New rules to help save players necks


Column by Hunter O. LyleSports Editor

As weeks of NFL and college football roll by, there seems to be a noticeable and undeniable trend in professional football: more and more injuries occurring with each passing game.

Most recently, during last week’s Thursday night game between the New York Giants and the New England Patriots, the Patriots lost three players due to injury during the game who were unable to return. Wide receiver Josh Gordan left the field due to a knee injury, safety Patrick Chung sustained a chest injury and fullback Jakob Johnson suffered a shoulder injury so severe that the Patriots placed him on the injury reserve list.

As someone who is just returning to watching professional football, I do not remember watching players lying on the field, doubled over in pain, let alone seeing it multiple times in one game also slips my memory.

Seeing injuries happen in real time does not make me love the sport any less, and it certainly does not leave me wanting to dismiss the sport. However, these constant injuries draw a stark comparison to other major sports, like the NBA or MLB, in which there are few injuries of this severity and regularity.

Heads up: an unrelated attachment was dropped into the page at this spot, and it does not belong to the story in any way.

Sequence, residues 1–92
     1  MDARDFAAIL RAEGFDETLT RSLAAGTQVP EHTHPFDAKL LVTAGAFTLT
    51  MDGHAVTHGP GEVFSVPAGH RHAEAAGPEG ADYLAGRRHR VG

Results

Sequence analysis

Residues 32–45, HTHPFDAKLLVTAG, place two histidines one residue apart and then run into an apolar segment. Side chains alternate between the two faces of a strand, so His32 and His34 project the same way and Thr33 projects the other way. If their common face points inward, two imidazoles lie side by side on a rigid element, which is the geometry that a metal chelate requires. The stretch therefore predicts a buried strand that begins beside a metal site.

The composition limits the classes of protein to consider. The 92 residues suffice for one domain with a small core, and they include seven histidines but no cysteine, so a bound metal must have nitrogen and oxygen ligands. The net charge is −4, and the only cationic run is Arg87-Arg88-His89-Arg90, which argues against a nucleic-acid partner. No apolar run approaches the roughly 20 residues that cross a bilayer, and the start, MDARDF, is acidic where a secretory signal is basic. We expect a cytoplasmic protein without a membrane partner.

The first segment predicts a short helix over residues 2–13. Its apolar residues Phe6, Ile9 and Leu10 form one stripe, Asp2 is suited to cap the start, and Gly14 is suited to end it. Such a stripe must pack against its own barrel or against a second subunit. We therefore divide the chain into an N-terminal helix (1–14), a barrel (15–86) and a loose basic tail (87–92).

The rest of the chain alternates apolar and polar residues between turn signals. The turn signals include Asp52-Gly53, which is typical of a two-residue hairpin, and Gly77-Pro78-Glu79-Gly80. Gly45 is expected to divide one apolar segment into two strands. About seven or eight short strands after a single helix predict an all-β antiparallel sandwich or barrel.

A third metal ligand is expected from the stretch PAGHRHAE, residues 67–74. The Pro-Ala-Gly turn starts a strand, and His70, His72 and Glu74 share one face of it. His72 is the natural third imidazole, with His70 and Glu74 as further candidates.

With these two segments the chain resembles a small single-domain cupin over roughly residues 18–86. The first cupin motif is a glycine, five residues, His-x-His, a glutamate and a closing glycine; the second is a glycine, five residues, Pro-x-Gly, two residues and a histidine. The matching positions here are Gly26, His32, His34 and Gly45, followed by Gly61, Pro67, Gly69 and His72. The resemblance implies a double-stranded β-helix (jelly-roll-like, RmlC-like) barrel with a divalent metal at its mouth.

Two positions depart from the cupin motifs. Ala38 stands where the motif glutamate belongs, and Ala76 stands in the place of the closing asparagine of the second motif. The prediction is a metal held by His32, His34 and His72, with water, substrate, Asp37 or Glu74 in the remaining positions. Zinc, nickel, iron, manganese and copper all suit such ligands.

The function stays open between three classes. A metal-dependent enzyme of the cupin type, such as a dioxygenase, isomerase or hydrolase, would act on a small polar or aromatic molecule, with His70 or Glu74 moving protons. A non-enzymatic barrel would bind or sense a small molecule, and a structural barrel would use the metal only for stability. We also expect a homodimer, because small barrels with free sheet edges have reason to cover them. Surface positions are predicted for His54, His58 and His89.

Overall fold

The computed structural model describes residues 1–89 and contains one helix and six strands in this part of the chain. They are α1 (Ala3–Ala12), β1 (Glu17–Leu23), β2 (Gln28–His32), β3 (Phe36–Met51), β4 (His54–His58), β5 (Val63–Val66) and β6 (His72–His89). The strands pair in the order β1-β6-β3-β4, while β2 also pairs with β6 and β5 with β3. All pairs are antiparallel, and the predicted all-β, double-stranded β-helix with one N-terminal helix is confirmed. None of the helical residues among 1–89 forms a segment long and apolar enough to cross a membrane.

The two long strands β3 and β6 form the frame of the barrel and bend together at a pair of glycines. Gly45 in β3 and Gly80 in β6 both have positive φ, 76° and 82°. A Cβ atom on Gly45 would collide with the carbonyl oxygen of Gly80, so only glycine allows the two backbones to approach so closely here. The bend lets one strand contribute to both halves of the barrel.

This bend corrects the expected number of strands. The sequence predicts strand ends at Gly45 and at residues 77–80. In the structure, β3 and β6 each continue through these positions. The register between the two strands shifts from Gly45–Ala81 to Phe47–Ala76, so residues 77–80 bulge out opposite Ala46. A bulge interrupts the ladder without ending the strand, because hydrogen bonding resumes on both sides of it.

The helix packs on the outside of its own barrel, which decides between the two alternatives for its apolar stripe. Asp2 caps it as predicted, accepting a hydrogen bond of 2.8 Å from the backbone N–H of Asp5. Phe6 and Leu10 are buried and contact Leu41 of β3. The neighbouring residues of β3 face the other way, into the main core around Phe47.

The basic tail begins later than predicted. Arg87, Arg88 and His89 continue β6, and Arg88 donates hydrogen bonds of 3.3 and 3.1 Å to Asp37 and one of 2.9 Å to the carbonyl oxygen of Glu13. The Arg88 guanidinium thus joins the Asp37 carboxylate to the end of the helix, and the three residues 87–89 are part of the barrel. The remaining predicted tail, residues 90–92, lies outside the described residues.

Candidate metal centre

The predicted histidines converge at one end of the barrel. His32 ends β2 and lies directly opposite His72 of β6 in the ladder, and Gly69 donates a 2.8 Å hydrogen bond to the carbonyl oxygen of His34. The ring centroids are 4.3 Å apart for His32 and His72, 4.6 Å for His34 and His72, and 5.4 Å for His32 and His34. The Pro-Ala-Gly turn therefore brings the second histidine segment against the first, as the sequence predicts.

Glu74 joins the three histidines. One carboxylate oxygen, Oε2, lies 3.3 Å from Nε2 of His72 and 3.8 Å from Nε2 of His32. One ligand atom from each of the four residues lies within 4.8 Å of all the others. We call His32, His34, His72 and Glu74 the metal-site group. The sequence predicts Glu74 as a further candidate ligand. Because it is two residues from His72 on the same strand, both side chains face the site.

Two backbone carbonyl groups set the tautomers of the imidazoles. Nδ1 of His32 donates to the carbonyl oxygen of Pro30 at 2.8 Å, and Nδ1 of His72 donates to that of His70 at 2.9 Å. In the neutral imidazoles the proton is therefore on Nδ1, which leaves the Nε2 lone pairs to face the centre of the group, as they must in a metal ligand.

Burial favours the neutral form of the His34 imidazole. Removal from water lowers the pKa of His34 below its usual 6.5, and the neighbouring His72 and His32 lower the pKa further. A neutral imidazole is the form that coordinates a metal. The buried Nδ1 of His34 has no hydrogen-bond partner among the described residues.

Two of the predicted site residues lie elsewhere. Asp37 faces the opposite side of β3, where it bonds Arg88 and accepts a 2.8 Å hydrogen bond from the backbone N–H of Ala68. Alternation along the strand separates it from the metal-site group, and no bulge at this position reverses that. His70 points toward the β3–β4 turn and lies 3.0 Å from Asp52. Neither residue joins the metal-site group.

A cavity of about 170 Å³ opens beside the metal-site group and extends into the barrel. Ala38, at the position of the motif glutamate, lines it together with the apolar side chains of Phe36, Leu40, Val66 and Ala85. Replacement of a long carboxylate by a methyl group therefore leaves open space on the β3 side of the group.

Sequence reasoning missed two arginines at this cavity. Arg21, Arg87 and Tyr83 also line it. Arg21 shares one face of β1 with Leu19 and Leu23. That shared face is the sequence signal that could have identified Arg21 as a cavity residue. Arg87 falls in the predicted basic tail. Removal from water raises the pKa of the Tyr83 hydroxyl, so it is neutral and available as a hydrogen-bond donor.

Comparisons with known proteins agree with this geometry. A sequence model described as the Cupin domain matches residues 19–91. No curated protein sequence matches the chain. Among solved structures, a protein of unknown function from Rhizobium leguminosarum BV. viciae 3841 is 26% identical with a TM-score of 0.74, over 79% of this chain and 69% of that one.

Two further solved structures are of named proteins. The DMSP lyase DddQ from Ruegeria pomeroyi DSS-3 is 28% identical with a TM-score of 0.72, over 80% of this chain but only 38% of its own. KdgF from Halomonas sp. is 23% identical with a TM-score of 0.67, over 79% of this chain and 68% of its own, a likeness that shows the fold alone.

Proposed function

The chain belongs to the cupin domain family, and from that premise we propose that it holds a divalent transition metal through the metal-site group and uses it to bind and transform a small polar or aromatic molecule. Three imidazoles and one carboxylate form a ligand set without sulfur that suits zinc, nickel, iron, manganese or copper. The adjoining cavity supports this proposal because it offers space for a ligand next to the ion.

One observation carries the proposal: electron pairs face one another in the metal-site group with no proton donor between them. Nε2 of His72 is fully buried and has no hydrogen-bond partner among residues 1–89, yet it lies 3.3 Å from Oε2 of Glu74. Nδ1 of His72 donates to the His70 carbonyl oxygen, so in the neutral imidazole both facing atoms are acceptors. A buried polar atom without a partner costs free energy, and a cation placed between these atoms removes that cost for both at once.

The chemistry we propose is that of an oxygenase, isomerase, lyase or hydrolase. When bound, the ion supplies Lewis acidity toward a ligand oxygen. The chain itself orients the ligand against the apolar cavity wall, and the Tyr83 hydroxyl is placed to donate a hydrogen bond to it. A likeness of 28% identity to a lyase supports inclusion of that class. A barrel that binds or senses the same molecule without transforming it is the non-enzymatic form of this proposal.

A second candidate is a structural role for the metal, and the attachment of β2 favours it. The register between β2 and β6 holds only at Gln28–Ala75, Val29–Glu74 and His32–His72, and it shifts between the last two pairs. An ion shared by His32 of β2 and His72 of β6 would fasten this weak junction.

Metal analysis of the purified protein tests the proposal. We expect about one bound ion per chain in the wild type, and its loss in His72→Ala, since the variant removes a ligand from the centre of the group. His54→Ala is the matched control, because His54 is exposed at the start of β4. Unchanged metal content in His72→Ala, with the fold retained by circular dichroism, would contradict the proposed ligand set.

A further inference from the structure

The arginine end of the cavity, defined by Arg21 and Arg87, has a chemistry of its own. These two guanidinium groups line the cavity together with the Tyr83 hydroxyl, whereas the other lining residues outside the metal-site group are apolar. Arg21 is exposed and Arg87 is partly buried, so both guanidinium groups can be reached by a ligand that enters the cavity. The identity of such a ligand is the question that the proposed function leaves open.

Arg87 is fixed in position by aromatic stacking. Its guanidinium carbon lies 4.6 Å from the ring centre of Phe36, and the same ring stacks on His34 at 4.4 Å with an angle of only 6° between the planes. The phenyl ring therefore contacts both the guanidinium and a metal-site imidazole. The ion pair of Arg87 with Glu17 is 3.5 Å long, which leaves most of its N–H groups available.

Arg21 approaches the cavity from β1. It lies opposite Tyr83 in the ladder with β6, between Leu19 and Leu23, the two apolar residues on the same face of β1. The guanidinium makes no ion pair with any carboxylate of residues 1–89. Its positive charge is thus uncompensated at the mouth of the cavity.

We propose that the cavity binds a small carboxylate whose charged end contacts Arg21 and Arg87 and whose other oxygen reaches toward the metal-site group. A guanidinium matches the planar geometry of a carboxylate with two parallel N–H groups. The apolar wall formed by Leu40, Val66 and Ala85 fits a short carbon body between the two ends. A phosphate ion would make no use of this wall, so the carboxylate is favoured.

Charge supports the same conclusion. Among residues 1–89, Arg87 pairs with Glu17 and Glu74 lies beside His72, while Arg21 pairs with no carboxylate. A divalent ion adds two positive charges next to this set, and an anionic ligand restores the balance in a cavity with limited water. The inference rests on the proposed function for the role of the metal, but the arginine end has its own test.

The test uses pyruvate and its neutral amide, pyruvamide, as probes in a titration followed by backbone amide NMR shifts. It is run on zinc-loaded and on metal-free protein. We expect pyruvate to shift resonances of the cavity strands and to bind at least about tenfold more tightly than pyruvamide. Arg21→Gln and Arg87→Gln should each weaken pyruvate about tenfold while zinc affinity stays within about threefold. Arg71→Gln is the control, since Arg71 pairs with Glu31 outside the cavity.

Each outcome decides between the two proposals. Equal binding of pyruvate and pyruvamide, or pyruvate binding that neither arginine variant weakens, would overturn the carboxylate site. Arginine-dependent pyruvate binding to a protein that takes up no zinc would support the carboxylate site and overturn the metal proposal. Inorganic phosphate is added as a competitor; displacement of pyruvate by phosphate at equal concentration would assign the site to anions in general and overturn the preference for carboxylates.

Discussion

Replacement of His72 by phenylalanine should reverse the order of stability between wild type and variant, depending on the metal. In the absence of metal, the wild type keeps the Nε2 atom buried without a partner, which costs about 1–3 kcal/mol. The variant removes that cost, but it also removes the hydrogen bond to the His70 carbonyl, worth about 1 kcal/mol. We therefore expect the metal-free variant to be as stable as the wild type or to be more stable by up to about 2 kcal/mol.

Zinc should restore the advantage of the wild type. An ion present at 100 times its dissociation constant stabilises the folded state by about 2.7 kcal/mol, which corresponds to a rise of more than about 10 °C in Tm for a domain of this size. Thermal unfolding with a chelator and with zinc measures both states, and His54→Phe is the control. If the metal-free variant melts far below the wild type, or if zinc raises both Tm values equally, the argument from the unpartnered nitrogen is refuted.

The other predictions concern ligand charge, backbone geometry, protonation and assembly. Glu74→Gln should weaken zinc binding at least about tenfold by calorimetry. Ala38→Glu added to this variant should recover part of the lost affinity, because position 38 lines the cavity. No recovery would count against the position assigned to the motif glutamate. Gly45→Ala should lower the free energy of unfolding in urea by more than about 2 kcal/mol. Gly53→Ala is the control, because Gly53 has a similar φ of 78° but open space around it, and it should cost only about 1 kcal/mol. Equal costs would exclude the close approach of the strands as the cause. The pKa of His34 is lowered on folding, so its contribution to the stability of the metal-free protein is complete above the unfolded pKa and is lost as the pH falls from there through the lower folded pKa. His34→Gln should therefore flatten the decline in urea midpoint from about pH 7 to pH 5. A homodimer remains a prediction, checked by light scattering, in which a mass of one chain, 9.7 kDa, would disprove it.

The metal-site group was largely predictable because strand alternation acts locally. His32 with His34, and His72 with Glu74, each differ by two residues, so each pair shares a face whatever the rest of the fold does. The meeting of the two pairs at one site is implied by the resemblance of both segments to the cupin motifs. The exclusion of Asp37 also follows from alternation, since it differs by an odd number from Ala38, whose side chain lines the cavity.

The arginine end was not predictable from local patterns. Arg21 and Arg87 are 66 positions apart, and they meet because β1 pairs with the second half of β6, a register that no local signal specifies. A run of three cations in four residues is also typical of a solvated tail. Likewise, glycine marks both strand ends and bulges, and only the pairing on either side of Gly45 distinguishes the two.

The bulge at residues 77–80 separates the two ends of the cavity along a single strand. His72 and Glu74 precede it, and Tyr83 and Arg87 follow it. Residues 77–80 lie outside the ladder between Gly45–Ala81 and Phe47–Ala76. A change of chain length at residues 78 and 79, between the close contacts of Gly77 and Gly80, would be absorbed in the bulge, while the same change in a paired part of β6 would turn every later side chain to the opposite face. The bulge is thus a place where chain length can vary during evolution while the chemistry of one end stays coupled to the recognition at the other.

Football, unlike many other sport, is full-contact, so discomfort and injuries are part of the game, but to curb this rising trend, the league — and, more importantly, football programs on lower levels — should adopt some new rules, such as the “no hurdling” rule.

It has been debated for some time about the dangers of a player trying to leap entirely over another player who is rushing toward them at full speed. Most of the time, besides the clips that end up on ESPN’s Top Ten, the attempts are not successful and can result in some scary mid-air tumbles.

If a player lands on their head or neck when falling, they could seriously injure themselves. Especially in the lower divisions and high school leagues, because schools and organizations do not have the most cutting edge medical equipment, hurdling should be made illegal and deemed too much risk for not enough reward.

Is the extra couple yards, or even a touchdown, worth risking your neck?

The removal of this move should be considered, since it is rare to see players hurdle in lower leagues anyways. It would not take much away from the sport and only stand to help and protect players.
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